Women… Beyond the body parts
With another International Women’s Day gone and done, it is hard not to think about a couple of debates that have taken the social media by storm last week. Debates involving British PM Theresa May and her legs, actress Emma Watson and her boobs, Big Brother Africa contestant TBoss and her genitals.
For those of us who may have missed one or more of these debates, here’s a quick recap.
Samantha Cameron, caused an outrage when she referred to Theresa May’s “fantastic legs”. Successful businesswoman and former PM David Cameron’s wife was speaking to The Sunday Times about her new range when she admitted: “She looks great. Good for her. Well, she’s got fantastic legs. She’s got great legs. She wears it well.” Cue instant indignation. Some elements on social media were irate as they felt Cameron had slighted May by reducing her work to a “fantastic pair of legs”.
Emma Watson caused a furore with her Vanity Fair shoot which saw the actress show a cheeky bit of under-boob and found herself in the firing line of those who questioned if a woman can you bare her breasts and still be a feminist. The U.N. Ambassador said in response she was confused by the reaction, adding, “Feminism is about giving women choice; feminism is not a stick with which to beat other women. It’s about freedom, it’s about liberation, it’s about equality. I really don’t know what my tits have to do with it.”
While Emma was busy defending the sight of her breasts infuriating the masses, another woman far far away, TBoss was lying defenceless in the Big Brother house as fellow housemate inappropriately touched her. Despite the footage of the act, there were still many on social media questioning TBoss’s morality, with some going as far as victim-blaming with the familiar phrase, “She was asking for it.”
As the day was nearing its end, I saw images on social media from the Women’s Day march in my native Istanbul, Turkey as thousands of women walked down Istiklal Street demanding equal pay, equal treatment, equal rights. Having grown up in Istanbul, a city where a woman had to think about what she wore, which route she would take home once the night fell, how many hours she would be allowed on a night out before it would no longer be safe to hit the road.
One of the banners, “Did you ask the rapist what he was wearing?” struck a note and took me back to just before Christmas when my cousin and her family had to leave our festive meal out in a rush as they had heard news of a close friend’s sister who was visiting from Germany being in an accident. It was a few days later we found out that there was in fact no accident. The Germany-based 21-year-old who was in Istanbul for her year abroad had not only been thrown off a 12ft wall but been violently raped shortly after she had taken a shortcut just five minutes away from her halls of residence. This incident took place only 15 minutes away from Istiklal Street, the same street women claimed as their own on the night of 8 March.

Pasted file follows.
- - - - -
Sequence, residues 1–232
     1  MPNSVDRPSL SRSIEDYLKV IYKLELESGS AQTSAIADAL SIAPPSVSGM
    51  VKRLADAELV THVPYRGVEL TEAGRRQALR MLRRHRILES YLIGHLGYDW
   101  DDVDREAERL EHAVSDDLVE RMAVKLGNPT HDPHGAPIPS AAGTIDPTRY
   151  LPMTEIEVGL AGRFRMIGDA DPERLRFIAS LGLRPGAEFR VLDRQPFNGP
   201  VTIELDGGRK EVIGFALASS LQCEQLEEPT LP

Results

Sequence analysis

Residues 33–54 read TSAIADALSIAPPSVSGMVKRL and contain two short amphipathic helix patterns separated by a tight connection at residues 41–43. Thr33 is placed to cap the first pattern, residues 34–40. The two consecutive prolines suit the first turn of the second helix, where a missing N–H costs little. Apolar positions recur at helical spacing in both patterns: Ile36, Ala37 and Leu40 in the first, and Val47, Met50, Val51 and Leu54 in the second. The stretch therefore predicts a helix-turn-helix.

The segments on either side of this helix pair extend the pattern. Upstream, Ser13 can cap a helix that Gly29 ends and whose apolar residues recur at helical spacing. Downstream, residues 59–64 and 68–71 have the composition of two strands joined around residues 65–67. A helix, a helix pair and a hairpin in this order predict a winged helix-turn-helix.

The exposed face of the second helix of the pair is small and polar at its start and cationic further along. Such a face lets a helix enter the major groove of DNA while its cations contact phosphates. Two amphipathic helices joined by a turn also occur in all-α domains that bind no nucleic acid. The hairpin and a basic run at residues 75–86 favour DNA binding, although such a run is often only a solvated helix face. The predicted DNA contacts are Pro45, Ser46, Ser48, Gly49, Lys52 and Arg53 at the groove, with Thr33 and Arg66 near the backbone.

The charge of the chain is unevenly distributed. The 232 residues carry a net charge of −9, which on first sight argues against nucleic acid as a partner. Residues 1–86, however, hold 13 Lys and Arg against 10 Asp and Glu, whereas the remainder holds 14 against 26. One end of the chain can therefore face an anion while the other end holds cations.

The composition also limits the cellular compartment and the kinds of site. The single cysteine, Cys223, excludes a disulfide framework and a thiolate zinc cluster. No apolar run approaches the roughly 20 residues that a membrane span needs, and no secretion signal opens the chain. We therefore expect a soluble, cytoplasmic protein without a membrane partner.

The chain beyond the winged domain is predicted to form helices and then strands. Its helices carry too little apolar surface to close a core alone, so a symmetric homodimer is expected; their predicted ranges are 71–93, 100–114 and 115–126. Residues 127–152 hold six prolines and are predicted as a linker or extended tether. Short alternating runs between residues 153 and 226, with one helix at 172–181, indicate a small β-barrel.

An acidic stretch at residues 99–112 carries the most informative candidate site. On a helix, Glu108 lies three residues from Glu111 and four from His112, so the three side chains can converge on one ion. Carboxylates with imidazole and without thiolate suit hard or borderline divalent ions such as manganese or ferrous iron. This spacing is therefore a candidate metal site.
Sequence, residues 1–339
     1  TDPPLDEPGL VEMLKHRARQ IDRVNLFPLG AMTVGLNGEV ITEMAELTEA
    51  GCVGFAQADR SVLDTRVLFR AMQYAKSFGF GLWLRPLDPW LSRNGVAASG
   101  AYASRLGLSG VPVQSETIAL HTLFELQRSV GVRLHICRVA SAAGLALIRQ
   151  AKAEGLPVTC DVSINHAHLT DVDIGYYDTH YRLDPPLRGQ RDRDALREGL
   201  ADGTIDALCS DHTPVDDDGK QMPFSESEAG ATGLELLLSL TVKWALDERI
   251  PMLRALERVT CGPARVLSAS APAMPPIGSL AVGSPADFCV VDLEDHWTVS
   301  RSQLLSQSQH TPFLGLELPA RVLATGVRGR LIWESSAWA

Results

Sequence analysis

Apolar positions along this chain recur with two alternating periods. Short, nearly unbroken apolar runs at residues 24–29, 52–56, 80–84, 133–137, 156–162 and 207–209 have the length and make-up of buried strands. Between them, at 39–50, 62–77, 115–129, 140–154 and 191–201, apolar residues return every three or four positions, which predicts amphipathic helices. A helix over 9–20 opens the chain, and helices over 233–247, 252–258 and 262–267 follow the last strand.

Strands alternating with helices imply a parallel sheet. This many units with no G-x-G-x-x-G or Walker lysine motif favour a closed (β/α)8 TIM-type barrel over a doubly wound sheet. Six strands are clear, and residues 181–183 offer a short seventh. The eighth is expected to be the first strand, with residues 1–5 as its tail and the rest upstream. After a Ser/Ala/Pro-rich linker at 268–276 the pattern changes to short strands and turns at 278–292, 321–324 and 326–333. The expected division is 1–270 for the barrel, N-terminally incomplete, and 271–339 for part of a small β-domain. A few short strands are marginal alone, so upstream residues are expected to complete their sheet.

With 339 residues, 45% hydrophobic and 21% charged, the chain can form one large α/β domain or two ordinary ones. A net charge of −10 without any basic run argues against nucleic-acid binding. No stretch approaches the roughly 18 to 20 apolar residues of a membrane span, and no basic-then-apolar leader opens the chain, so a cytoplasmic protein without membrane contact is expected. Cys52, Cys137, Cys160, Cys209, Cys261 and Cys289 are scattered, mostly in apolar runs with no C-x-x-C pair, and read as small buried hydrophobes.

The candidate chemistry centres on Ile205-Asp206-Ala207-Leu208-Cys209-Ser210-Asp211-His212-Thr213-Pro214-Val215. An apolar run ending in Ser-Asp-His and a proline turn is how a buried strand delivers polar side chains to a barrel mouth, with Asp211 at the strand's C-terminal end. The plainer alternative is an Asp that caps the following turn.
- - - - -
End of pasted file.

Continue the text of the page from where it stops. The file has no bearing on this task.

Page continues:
Oh the irony! For just one night, on the night of International Women’s Day women could walk down at midnight demanding equal rights the streets they would be wary to amble along after dark.
The same irony that makes brands release fancy campaign videos celebrating women’s strength, or men talk of women’s rights and equality, that makes the world stop and take note, only for everything to go back to normal for the rest of the year. The normal? A world where we obsess non-stop over Theresa’s legs, Emma’s boobs and TBoss’s genitals.
In a recent interview with Red magazine, Chimamanda Ngozi Adichie said, “I remember a friend of mine in Nigeria saying to me, ‘Nigerians are saying, how can you do this when you’re a feminist?’ The idea that I’m being questioned as a feminist if I’m doing a beauty commercial? There’s something really wrong with that. The idea is that femininity and feminism are mutually exclusive is nonsense.”
This is possibly the best response to both the camp questioning Emma Watson’s feminism at the slightest hint of an underboob and the camp offended on British PM’s behalf that she is more the sum of her “fantastic legs”.
As for TBoss’s case, and many others like her, we will become the society we dream we are every 8th of March the minute we stop questioning the victim of a sex crime and equating the virtue of a woman to what is within the span of her head than what is in between her legs.
We will all be feminists the day we stop dissecting female bodies under the sharp male gaze see them.